Just my humble opinion.
 

strangenh

NES Member
Rating - 100%
37   0   0
Joined
Dec 17, 2007
Messages
7,979
Likes
4,298
Location
NH
They offer voice scrambling for privacy[...]
Are you referring to squelch codes?

ETA - No, from the online manual I see it's not. It's a basic inversion "scramble" on FRS freqs only that can be trivially cracked, but it is definitely better than just the squelch code option.
 
Last edited:

Maxpower

Banned
Rating - 0%
0   0   0
Joined
May 31, 2010
Messages
8,393
Likes
974
Location
NE
its not illegal... ch.16 or channel 9 which are distress/emergency only traffic,aswell as ahandful of other designated hailing or USCG channels are off limits.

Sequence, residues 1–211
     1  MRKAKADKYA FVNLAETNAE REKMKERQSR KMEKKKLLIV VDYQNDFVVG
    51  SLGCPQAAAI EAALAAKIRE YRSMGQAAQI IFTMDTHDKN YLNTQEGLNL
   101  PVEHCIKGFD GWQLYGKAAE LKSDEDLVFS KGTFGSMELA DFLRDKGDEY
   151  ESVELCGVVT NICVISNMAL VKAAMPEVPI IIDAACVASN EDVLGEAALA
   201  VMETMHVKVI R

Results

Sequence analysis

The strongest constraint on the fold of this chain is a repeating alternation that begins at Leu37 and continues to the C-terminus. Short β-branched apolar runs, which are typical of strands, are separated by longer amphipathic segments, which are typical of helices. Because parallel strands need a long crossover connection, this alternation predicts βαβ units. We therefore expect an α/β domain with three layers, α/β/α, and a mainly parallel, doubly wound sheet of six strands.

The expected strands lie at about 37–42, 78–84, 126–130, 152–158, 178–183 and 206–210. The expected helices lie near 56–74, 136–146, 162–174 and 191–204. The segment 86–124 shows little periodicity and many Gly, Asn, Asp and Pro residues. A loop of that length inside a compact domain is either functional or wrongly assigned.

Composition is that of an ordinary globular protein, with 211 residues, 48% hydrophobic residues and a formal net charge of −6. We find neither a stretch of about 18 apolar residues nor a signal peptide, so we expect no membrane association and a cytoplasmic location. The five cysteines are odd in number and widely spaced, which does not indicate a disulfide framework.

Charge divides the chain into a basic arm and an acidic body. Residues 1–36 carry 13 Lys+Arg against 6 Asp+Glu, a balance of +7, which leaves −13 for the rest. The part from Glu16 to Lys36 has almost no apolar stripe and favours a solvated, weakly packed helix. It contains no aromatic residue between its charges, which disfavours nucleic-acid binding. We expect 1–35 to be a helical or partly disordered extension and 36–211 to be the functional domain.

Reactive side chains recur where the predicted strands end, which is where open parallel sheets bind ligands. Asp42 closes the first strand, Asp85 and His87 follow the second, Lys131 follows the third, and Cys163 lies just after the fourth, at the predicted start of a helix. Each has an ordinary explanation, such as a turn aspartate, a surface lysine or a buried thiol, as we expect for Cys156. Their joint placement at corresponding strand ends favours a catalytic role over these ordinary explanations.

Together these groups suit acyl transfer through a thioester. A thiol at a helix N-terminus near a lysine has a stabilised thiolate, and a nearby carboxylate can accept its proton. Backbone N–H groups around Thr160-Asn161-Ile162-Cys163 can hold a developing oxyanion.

However you can talk all the "Rag time" you want on working channels,lobstermen do it everyday...its not illegal

This is from the FCC website. I may be interpreting it wrong.

Using Hand-Held Marine VHF Radios on Land
You must have a special license, called a marine utility station license, to operate a hand-held marine radio from land -- a ship station license IS NOT sufficient. You may apply for this license by filing FCC Forms 159 and 605 with the FCC. To be eligible for a marine utility station license, you must generally provide some sort of service to ships or have control over a bridge or waterway. Additionally, you must show a need to communicate using hand-held portable equipment from both a ship and from coast locations. Each unit must be capable of operation while being hand-carried by an individual. The station operates under the rules applicable to ship stations when the unit is aboard a ship, and under the rules applicable to private coast stations when the unit is on land.